Five Things to Consider When Developing Your Organization's Flexible Work Schedule
In today's time-strapped society, there is clear evidence that flexible work schedules are one of the most-desired benefits by employees of all types of organizations. Whether employees are Millennials living in an "always on" world, Generation X/Y-ers with busy lives and strong familial connections, or Baby Boomers looking for their "second act," the freedom granted by flexible work schedules is increasingly valued. In spite of this growing popularity, however, flexible work schedules can be overwhelming and challenging to implement--especially for employers who are accustomed to the standard "9 to 5" mentality. With that in mind, employers considering flexible work schedules should carefully consider these 5 C's in order to ensure their arrangement is as successful as possible.
Above all else, it is vital to communicate how a flexible work schedule arrangement benefits a company, as well as the specifics of who is working when and where. To successfully communicate this, employers should set an expected response time for emails and phone calls, encourage face-to-face meetings, and schedule monthly "all hands on deck" lunches to ensure every team member is on the same page.
- Computers (Technology)
Another key component of a flexible work arrangement is providing adequate technology so employees can work efficiently. These technological needs include necessary peripherals (monitors, keyboards, etc.), adequate Internet and phone service, Skype and other videoconferencing tools, and access to help desks/IT support when issues arise.
Consistency can be one of the most difficult things to achieve when dealing with flexible work schedules that are often asynchronous. The key to successfully managing this consistency is setting appropriate expectations; employers can facilitate this by setting a work schedule (even if it changes weekly), coordinating team schedules via tools such as Outlook or Google Calendars, and establishing reoccurring phone calls with team members.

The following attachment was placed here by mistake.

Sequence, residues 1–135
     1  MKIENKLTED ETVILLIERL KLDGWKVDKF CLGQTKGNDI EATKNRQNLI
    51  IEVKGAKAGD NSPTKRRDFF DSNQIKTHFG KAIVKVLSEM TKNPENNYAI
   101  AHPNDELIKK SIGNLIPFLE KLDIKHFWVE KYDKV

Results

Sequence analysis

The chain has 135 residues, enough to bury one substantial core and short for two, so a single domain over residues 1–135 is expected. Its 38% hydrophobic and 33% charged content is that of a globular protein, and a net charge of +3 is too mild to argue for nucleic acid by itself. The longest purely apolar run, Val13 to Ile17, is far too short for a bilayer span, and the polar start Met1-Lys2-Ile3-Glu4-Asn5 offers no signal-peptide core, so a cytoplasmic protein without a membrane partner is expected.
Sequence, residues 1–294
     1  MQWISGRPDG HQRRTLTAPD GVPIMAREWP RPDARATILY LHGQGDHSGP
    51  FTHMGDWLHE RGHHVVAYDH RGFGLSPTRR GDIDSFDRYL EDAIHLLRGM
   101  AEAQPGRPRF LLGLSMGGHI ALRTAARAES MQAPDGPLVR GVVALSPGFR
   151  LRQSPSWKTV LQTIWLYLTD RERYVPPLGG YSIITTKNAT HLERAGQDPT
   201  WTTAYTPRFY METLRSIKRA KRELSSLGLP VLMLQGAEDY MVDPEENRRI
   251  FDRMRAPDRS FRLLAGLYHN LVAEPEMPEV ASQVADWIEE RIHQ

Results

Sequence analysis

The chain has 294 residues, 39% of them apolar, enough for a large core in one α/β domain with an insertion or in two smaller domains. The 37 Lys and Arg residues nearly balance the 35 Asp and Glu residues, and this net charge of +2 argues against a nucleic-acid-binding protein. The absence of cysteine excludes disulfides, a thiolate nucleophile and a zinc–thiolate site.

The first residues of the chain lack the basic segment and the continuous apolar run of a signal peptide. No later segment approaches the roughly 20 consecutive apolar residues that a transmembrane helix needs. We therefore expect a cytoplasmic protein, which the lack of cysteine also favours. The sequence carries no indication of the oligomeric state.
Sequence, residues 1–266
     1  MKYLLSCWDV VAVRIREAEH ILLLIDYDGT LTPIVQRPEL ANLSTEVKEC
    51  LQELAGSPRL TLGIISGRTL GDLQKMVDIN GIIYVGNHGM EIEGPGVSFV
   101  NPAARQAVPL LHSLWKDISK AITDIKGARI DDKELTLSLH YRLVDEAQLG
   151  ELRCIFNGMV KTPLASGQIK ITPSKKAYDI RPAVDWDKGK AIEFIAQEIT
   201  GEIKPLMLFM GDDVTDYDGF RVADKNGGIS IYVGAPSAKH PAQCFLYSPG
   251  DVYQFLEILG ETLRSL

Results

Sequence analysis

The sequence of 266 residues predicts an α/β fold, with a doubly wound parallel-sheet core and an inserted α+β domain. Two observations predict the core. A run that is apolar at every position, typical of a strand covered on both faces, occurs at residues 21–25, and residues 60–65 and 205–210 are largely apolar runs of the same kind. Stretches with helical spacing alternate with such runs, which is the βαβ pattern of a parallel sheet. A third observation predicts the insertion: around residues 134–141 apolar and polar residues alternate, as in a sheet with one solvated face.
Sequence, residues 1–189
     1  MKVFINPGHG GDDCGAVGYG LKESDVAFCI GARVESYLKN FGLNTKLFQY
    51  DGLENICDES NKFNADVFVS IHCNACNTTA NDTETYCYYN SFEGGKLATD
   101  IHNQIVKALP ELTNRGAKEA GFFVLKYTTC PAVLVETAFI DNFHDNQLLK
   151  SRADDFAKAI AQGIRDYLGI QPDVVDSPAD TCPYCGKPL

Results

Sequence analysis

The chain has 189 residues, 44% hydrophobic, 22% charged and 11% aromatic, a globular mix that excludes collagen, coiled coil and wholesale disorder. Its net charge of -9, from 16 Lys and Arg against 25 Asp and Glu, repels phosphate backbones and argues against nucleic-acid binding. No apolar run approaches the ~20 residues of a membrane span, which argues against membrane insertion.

Similarly, collaboration can be challenging to foster in a remote work environment. To stimulate a collaborative spirit, employers should solicit regular feedback and ensure employees are giving status updates whenever appropriate. For employees working from home, setting up VPN (virtual private network) software can be vital in keeping team members in the loop. Finally, employers should also experiment with platforms such as Office 365 and Google Drive that allow multiple users to edit the same document or spreadsheet simultaneously.
Ultimately, a successful flexible work schedule is all about commitment. Tips for establishing this commitment include ensuring employees have a dedicated space and time to get the job done. For employees working from home, this means a workspace that permits quiet time, is inaccessible to children and pets, and allows for confidential communication. Commitment can be further built by establishing a time when both employee and employer are available to discuss issues that arise with the work schedule arrangement and to establish how the supervisor will interact in the relationship. Clearly, while a flexible work schedule can seem intimidating to implement (especially for businesses used to functioning in the typical "9 to 5" environment), the potential benefits of such an arrangement far outweigh the negatives and employers would be wise to at least consider the possibility. By taking into account these best practices for flexible work arrangements, employers can ensure the arrangement benefits employees as well as the goals of the organization as a whole.
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